Friday, April 24, 2015
Death by Mouse
Road-ready La Perla is my definition of spring. While lilacs and new-born foals are ecstatic seconds, my bottom line is the open road. Roadtrip dreams that took a nightmare turn last week when I began to fill the freshwater tank. Water in, water out ... through the bottom of the rig. Niagara falls where it shouldn't be; the tank was empty within minutes. Online search prompted me to hope it was a joint or connection to the freshwater tank as opposed to a cracked tank. I hoped for an cheap fast fix when I dropped her off at the RV repair. Verdict: mice had chewed through the waterline. Not bad I thought: waterlines were cheap. Very bad, I found out. Getting to them --- lowering the water tank, disconnecting propane lines that crossed through the area, replacing lines and putting the tank back --- was four hours labor. It was going to cost $500 to fix what the little gray fkers did. $19 in parts. And there was more. The suspension system needed to be replaced. The wheels needed a bearing pack. The water pump had a slow leak. And the roof ...
It took a couple days for the greenback reality to sink in. La Perla needed several thousand dollars worth of attention. I couldn't go there so I allowed the work she needed to be roadworthy: all systems working and the trailer in safe towing condition. $1600.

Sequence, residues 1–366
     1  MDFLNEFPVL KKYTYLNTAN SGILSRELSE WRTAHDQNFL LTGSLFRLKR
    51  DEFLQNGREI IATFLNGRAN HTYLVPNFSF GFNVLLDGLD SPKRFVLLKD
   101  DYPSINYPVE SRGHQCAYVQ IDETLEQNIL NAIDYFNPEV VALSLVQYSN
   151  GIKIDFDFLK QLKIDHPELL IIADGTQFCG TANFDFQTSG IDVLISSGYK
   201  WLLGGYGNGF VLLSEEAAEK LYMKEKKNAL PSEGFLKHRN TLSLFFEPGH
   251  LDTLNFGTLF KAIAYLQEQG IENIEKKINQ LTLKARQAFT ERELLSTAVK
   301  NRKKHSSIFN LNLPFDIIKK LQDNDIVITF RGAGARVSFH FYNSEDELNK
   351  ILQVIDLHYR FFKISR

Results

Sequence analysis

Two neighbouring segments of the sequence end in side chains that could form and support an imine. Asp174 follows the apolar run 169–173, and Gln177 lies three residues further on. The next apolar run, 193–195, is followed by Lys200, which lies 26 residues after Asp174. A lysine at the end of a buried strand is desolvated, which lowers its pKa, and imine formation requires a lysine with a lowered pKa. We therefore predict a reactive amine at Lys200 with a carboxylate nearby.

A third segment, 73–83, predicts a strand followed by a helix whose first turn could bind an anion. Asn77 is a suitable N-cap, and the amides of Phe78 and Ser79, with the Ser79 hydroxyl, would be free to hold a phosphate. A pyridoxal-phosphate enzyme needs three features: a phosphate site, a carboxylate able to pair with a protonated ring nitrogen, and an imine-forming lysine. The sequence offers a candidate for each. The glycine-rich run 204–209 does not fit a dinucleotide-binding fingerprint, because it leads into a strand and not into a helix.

Just do it.
When I picked her up I was shown the parts that were replaced. Truth was, I was dangerously close to a serious accident with worn bolts in the suspension. It was one thing to look at the shiny new ones affixed near the tires; quite another to hold the rusted worn ones in the hand. I was danged blessed. And I reckoned I had the mice to thank for it. I would not have taken La Perla into repair had it not been for the water tank. It's not a stretch to say the mice saved my life.
Okay. I take back the f-word. But I can't have a $500 waterline job every year and "Death by Mouse" is not a preferred epitaph. There's no Hobo option. It's pretty clear he was distracted by the multitude of outbuildings and woodpiles. Yesterday I picked up some botanical rodent repellent. It's called Fresh Cab. It's balsam fir oil, a botanical pesticide mixed with fragrance oil and plant fibers. It's from a company called Earthkind and has a money back guarantee. La Perla smells like a forest.
In the spirit of Plan B I bought a couple of mousetraps, just in case my mice take a liking to deep woods' fantasies. I'll wait to use the Victor traps. It wouldn't make sense to attract Speedy Gonzalez with cheese and peanut butter while trying to repel him. Sadistic I'm not.
Axles, roof, awning ... La Perla needs more attention up the road but I'm alive to do it. I hope Teak and Hobo like balsam. May The Wild Road Home be finished soon.